Today is Geologic Map Day, which gives me a great excuse to write about one of the most interesting, beautiful and informative information sources available, the geologic map.

A geologic map illustrates the rocks beneath our feet: their age, distribution, relationships and basic composition. Geologic maps illustrate faults and folds, and are used to help geologist find oil, water, minerals and precious metals. And because bright color is used to distinguish between different types of rock, they are very pretty.

The first modern geologic maps were produced over two hundred years ago in England by a canal surveyor named William Smith. Smith was a working man, and his humble origins prevented him from getting the recognition his work deserved until much later. He recognized that fossils can be used to make connections between similarly aged rocks, even over long distances and even when the composition of the rock changes. This understanding allowed him to create the first geologic map of England and Wales (and a bit of Scotland). Readers interested in 19th century science and the development of geologic maps should check out Simon Winchester's book on the topic, The Map That Changed the World.

Print geologic maps can be found as stand alone publications, often accompanied by a brief "explanation." Libraries and geosciences departments often keep them tucked away in special map drawers, or folded up in envelopes attached to the brief explanations that accompany them. The National Geologic Map Database can help users locate geologic maps of areas they are interested in.

This gorgeous map was produced in print in 2005 by the Geological Society of America (click to see a much larger image):

Try this at home:

  1. Click on the map image to see the large version of the map.
  2. Locate your hometown on the map, and make note of the color, pattern (if applicable) and two or three letter code.
  3. Next, open up the PDF of the map explanation here. (It's a big map with a lot of detail, so the explanation is a large file.)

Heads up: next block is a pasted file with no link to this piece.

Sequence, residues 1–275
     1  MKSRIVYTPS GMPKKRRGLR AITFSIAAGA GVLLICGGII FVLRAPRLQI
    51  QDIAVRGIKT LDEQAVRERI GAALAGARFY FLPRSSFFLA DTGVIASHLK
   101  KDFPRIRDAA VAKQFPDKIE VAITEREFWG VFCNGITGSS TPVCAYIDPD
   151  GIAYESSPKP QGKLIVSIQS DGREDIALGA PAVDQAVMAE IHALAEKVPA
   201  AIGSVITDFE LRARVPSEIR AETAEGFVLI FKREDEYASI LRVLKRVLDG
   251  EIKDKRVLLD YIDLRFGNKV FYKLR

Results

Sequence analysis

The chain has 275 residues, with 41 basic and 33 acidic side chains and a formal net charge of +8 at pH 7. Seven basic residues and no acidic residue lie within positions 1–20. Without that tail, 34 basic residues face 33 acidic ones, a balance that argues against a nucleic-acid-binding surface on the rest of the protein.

4. Are the rocks beneath your hometown sedimentary, igneous (volcanic or plutonic), or metamorphic (see the labels across the top of the explanatory chart)?
  5. How old are they (see the geologic time labels along the left side of the chart)?

I live near Buffalo, NY, and the map illustrates this as a light blue color (teal perhaps?) with the two letter code "mD." Looking at the explanation, I can see that the rocks near my house are sedimentary rocks from the middle Devonian period, formed about 390 million years ago (see this Table of Geologic Time to turn your geologic time period into millions of years).

While print maps are still incredibly useful, scientists need to be able to manipulate the data they contain and combine that data with other information to make new discoveries. So more and more geospatial information is available as GIS datasets or Google Earth downloads. GIS data, metadata and the map explanation for the Geologic Map of North America (illustrated above) can be downloaded from the United States Geological Survey.

Other small maps are often published as figures in journal articles. These can be more difficult to find, as it isn't always clear from a journal article title whether the article will contain a usable map. Elsevier has a tool for searching for maps within publications (aimed at the petroleum industry) called GeoFacets. And I am excited by an upcoming announcement by GeoScienceWorld, about their new geologic maps finding tool, OpenGeoSci. GeoScienceWorld will debut the beta version of this new tool at the Geological Society of America meeting at the end of the month.

Geologic maps, an information format developed 200 years ago, continue to help scientists make discoveries and find solutions. Although much of this data has now gone digital, these are still some of the most beautiful information resources out there.

Additional geologic maps resources: